4 Steps to Hiring a Private Investigator

3 Steps to Hiring a Private Investigator

Show all

3 Steps to Hiring a Private Investigator

So, you have a problem – and it’s one that can only be solved by obtaining information that isn’t freely available. The trouble is, your problem is not a police matter, so you can’t look to them to investigate it.

It looks as though you’ll need the services of a Private Investigator – someone with the skills and resources – and the legal standing, to procure the information you need, in a manner that renders it useful to you – for instance as evidence in a court trial.

But how do you go about choosing the PI that will be most effective in your case? For most of us, hiring a PI is something we will do, if at all, once in a lifetime, so we’ll never be able to rely on “experience” to guide us.

The reasons for which we need to hire a Private Investigator are as various as the human soul itself.Just like lawyers or accountants, many Private Investigators specialise in limited fields of investigation, and their expertise will be similarly limited. Just as you would not retain a conveyancing solicitor to defend you against a charge of negligent driving, so you need to find a Private Investigator with proven expertise in the field in which your problem lies. The majority of licensed PIs, for instance, devote their energies overwhelmingly to insurance matters, and will be less effective – or, frankly, out of their depth – if asked to locate a missing person, report on the infidelities of a partner or gather from a computer or mobile phone digital evidence that can be used in court.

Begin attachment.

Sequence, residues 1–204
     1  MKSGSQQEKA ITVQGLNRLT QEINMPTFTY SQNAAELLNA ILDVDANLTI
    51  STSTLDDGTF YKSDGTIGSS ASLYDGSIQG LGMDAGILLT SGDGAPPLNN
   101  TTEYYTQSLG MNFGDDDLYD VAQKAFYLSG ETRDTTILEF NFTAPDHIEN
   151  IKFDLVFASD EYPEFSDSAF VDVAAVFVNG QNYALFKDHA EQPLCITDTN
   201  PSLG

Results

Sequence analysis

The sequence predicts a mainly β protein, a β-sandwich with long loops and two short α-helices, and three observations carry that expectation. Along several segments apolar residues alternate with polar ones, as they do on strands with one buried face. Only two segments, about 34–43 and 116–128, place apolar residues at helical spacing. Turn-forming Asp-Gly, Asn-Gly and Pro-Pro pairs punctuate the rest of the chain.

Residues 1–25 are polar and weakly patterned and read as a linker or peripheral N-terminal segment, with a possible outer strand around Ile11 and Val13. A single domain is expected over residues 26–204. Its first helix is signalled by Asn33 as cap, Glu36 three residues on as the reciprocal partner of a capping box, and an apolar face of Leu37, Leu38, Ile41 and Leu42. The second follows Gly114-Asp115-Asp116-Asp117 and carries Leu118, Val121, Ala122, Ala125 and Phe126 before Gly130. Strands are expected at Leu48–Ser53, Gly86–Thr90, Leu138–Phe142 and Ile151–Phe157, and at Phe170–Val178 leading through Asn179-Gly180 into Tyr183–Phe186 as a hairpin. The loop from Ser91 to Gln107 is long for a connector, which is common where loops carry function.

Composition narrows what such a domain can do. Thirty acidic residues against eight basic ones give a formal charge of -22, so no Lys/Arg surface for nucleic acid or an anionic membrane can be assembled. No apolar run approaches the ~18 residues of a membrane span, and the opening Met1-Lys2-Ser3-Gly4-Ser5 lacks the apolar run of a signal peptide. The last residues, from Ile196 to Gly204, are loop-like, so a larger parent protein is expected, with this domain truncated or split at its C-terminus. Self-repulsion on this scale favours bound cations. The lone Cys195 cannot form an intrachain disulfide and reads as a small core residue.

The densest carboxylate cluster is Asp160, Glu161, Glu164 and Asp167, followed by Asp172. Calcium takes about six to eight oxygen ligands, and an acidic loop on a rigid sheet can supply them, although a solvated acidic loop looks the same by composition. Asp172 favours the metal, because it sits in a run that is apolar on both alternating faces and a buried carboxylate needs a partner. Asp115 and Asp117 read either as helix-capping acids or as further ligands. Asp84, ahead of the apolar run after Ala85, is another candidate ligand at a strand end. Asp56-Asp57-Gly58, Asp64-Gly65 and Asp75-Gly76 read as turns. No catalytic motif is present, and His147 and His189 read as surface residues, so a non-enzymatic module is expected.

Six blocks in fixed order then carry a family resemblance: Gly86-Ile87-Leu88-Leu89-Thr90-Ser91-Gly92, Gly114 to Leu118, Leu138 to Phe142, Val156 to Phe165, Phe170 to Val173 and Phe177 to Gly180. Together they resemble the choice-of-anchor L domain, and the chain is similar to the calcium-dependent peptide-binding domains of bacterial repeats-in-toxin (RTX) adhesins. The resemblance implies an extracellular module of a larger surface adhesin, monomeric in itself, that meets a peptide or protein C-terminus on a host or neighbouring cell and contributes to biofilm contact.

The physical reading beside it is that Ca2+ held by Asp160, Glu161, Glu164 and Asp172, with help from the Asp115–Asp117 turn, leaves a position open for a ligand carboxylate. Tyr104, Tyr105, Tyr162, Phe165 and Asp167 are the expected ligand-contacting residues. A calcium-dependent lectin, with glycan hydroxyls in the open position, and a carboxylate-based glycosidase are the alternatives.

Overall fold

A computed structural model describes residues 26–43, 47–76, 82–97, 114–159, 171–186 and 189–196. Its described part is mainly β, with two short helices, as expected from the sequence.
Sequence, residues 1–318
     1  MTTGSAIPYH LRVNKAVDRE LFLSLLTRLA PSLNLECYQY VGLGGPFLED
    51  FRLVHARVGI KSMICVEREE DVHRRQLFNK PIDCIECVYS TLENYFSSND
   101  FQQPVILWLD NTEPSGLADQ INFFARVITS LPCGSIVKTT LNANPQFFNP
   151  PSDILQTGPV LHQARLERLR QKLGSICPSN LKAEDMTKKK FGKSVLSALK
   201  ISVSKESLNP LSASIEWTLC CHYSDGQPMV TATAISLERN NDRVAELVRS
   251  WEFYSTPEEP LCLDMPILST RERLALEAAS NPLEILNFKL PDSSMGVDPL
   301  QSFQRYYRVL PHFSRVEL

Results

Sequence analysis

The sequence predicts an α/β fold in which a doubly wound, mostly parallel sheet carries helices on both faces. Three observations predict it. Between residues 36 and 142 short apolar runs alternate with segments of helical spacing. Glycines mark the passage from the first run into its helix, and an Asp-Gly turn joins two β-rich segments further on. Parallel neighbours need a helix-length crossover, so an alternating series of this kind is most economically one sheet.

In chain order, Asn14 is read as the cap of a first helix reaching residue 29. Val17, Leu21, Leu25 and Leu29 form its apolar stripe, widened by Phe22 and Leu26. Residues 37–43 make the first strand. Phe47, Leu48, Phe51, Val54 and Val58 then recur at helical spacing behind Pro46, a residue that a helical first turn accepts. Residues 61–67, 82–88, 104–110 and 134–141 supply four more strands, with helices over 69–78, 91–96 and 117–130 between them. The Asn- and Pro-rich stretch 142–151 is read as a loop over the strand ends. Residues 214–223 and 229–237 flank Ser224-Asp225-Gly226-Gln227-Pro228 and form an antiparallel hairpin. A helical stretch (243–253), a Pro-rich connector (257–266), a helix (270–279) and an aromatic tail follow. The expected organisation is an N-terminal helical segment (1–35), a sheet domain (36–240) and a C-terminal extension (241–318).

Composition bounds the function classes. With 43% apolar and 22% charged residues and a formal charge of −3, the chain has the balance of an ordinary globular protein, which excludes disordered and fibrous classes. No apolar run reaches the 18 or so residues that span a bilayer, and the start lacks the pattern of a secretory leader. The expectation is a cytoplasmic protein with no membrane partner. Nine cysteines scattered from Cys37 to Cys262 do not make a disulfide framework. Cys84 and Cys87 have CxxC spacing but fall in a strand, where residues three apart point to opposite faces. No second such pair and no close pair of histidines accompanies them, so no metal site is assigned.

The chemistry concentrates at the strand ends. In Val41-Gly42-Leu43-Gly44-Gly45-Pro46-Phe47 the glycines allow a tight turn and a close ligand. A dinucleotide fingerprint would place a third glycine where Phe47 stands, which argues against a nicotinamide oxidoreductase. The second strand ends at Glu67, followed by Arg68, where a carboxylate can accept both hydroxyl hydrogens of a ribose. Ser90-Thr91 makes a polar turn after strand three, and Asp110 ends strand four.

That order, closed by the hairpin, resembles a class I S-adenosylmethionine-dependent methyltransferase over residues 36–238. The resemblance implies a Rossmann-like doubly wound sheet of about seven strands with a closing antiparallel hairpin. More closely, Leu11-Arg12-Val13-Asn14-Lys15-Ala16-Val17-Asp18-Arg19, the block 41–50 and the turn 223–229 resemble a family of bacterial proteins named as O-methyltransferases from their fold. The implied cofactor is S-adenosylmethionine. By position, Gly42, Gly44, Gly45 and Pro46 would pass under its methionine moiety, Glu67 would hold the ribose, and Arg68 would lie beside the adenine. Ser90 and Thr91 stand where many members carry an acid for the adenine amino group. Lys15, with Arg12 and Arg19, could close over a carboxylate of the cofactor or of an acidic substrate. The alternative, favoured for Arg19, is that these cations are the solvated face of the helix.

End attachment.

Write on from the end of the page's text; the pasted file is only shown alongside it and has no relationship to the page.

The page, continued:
Here are four steps to help you select the right Private Investigator for your work.

1. The first requirement of a Private Investigator must be that they hold the necessary licenses and accreditations. As well as assuring you that your Private Investigator is properly trained and competent, it ensures that their evidence will be admissible in court. In New South Wales, for instance, the activities of Private Investigators are governed by the Commercial Agents and Private Inquiry Agents Act 2004 (CAPI), and similar legislation governs investigators in other states. These laws provide for the disqualification of individuals who have been convicted of a range of offences, or who associate closely with persons who have been so convicted.

Being the holder of a Private Investigator’s license is clearly an essential first step, but any Private Investigator worth his or her salt will also belong to one of the professional bodies, such as the Australian Institute of Private Investigators. This is a further indication that they adhere to the standards you require in choosing someone to do your work.

2. Assuming the Private Investigators you are considering are duly licensed, the next step in choosing between them is to check the Private Investigator’s catalogue of services, to see that the service you require is one that the Private Investigator provides as a primary service, and not merely as an adjunct to their principal business. One clue to this may be provided by the fact that, depending on the nature of the work you need your Private Investigator to perform, they may need additional licensing to their Private Investigator’s license. For instance, to provide security services in NSW, a licensed Private Investigator requires,in addition, a security master license. Typically, the provisions of these licenses are such that it would not be worth the Investigator’s while to meet them unless they were serious about providing the service in question. So possession of such a license is at least a clue, if not conclusive proof, that they are competent in that field.